The U.S. Religious Landscape Survey, published by the Pew Forum on Religion and Public Life in 2008, reports that the fastest growing religious denomination is “none.” Among the 16.1 percent who do not identify themselves with any religion, approximately half had been affiliated with a religion as children. One in four young adults, ages 18 to 29, claims no religious affiliation. The study prompts important questions: Why is this happening, and what can be done about it? The Matthean community asked similar questions, as reflected in today’s Gospel. Why do some accept Jesus’ interpretation of the law while others do not?
Like all of Jesus’ parables, the one in today’s Gospel is open to a variety of interpretations. If we take the sower as the focus, the parable invites us to reflect on the boundless generosity of God, who offers the word, in the person of Jesus, to all in the hope of a fruitful response, no matter how poorly prepared to receive it some may seem to be. If we zero in on the seed, the parable assures us of the efficacy of the word. No matter what the yield, the seed itself is good, and it will bear fruit. If we take the harvest as the focus, the explosive return propels us into reflection on eschatological fulfilment of hopes beyond our wildest dreams. Finally, if the different types of soil are our focus, the parable urges effort to do everything possible to cull out obstacles and cultivate maximum receptivity to the word.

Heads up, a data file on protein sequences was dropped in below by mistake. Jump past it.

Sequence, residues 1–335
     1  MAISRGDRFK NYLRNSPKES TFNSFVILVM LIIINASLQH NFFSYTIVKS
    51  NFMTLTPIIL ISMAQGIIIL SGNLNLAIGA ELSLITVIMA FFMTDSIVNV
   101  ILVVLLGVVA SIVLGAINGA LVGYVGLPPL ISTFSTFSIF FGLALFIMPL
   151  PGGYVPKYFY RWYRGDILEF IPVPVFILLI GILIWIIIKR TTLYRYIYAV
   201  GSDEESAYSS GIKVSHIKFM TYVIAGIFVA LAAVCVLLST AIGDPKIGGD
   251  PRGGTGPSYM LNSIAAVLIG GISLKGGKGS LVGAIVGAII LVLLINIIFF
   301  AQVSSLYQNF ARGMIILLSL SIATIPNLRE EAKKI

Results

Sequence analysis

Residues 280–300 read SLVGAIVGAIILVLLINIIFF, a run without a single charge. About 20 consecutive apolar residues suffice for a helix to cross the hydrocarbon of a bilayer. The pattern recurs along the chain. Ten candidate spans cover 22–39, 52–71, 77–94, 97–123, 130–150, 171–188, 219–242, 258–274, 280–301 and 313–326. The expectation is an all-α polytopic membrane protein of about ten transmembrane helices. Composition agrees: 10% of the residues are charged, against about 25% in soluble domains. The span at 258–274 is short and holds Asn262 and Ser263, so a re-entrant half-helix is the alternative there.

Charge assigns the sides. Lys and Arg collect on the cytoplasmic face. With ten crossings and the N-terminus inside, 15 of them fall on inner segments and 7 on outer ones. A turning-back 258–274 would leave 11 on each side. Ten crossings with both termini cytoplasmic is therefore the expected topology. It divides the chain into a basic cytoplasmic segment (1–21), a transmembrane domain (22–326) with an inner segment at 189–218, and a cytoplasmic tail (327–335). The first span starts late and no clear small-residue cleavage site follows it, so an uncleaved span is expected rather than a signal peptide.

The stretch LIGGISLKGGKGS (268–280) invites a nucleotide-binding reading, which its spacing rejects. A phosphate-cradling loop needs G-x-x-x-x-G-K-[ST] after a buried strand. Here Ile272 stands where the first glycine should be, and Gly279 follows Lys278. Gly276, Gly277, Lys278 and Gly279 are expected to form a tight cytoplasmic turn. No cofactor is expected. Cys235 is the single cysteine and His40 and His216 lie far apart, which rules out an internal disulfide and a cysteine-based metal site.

As Jesus’ first followers struggled to understand why others did not respond as they did to Jesus’ teaching, they turned to the prophet Isaiah. Isaiah articulates that this experience is repeated in the life of every prophet. Some people are disposed to see and hear and respond positively to the prophet’s message, while others close themselves off to the challenging word that could bring healing and that could free them to live life more fully in God’s love. To explain the negative response by the latter, Isaiah puts the onus not on the prophet, nor on the message, but on those who deliberately close themselves off to the prophet’s words and actions.
In the Gospel, Jesus explains that the ability to accept his teaching is a gift from God. What is given is “knowledge of the mysteries of the kingdom of heaven” (v. 11). This is the only time the word mysteries appears in the Gospels (Mt 13:11 and parallels). In other Jewish sources, the term mystery is associated with God’s purposes for the end times (e.g., Dn 2:27-28; 1 Enoch 68:5; 4 Ezr 10:38). Here the mystery is the presence of God’s realm in Jesus and his ministry.
While verses 11 and 12 explain that knowledge of the mysteries is God’s gift, verses 13 to 17 emphasize human responsibility to cultivate receptivity so as to be able to respond as fully as possible to the gift. Some let the gift be snatched from them; some toss it aside in favor of something else that seems more alluring. Work must be done to root out whatever might stand in the way of allowing the gift to unfold all its riches. The parable and its allegorical interpretation undercut any smugness or complacency on the part of those who have received the gift. The Gospel invites us to shift our focus from wondering whether the “seed” is effective—it is!—or why others’ soil is unreceptive, to the question of how those who have received the gift can be intent on helping prepare receptive soil and to continue the profligate and indiscriminate work of the divine sower, who eagerly shares the mysteries far and wide.